I received my PhD in Religious Studies from the University of Edinburgh and have worked for the European Studies Centre, University of Oxford and the Department of Sociology, Purdue University. I am interested in questions of human autonomy and political freedom within the conjunctions of religion, culture, and society, and how the structure of world powers is manifested in the intellectual interpretations of critical social theory and philosophy.
I also write bilingually and contribute for outlets including Los Angeles Review of Books.
Currently I am working on a project on how “love” as an affective concept made its way into the Chinese vocabulary where previously such meaning was absent, and the ways in which it has been appropriated as a political discourse and a social force in modern China.
I can be reached at @tingguowrites.
My google scholar page: https://scholar.google.co.uk/citations?user=ypMD3qEAAAAJ&hl=en
Culinary Memories of Displacement 《時光記憶：12則鄉愁的滋味》(co-authored with Chuanan Hu and Chunghao Kuo). Taipei: Lianjing chubanshe臺北聯經出版社.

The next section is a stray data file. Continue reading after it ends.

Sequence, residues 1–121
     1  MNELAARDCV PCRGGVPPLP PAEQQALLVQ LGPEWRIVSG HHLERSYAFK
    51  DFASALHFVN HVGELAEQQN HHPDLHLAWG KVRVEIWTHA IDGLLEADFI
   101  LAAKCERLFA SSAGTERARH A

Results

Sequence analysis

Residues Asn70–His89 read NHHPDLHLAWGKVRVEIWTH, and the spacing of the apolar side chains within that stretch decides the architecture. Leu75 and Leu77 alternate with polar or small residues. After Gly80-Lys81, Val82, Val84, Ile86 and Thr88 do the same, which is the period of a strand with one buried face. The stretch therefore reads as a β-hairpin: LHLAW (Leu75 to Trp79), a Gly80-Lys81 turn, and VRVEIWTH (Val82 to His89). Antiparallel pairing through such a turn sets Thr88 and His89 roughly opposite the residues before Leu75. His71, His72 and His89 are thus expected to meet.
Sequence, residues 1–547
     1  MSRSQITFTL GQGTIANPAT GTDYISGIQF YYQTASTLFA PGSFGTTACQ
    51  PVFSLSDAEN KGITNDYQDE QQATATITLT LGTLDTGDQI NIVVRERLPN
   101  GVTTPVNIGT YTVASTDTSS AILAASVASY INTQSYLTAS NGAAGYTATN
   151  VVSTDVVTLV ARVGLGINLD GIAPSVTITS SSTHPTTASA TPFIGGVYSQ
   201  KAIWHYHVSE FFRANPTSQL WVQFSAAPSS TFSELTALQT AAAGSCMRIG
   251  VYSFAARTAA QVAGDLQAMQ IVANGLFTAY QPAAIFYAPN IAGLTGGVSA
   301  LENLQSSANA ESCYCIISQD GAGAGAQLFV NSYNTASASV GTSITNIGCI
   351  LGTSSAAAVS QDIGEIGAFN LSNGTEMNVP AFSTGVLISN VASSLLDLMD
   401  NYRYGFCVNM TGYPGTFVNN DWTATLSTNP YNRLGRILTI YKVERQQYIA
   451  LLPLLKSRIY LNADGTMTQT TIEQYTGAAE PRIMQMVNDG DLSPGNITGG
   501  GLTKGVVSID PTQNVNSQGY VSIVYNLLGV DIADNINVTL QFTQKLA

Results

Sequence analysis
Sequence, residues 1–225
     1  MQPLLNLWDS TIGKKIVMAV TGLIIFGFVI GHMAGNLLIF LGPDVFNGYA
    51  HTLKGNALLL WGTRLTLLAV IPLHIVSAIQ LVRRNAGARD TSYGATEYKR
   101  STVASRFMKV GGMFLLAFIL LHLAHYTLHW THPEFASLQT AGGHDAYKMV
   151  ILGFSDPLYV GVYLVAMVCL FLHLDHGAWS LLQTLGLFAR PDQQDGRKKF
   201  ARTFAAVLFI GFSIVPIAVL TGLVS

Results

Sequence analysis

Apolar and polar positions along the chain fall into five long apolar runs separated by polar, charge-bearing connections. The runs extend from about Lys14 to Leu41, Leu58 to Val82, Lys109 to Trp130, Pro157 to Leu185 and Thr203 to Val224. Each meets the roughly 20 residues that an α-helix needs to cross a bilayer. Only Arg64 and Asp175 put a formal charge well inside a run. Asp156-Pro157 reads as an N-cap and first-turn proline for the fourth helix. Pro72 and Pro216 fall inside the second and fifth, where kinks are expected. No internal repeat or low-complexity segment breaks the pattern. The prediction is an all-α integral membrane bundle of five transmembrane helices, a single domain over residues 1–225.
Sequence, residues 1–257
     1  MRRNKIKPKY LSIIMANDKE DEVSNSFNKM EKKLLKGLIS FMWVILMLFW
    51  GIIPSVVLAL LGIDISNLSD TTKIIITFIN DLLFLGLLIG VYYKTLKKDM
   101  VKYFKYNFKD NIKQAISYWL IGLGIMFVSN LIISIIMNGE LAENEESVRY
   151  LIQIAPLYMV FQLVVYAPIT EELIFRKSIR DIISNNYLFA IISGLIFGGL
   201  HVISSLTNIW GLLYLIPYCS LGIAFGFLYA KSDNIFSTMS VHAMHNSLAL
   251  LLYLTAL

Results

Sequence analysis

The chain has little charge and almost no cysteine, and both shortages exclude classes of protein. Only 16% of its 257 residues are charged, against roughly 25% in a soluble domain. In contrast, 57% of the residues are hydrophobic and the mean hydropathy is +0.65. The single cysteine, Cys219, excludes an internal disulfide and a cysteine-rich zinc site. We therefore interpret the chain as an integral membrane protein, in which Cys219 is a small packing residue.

(Forthcoming) Dao of the Go: Contextualizing “Spirituality”, “Intelligence”, and the Human Self. Special issue in Implicit Religion.
(Forthcoming) “Christian Cosmopolitanism” in Republican Shanghai and its Contemporary Implications.
“Alan Turing, Artificial Intelligence and the Reconceptualisation of Human Self-knowledge,” Anthropology Today, Volume 31, Issue 6, pp. 3–7.
“Spirituality’ as reconceptualisation of the self: Alan Turing and his pioneering ideas on artificial intelligence,” Culture and Religion (later featured in the Bulletin for the Study of Religion: http://bulletin.equinoxpub.com/2015/11/theory-religion-series-ting-guo/)
Paradoxical Power of Memory: On Shanghai Homes and Disappearing Shanghai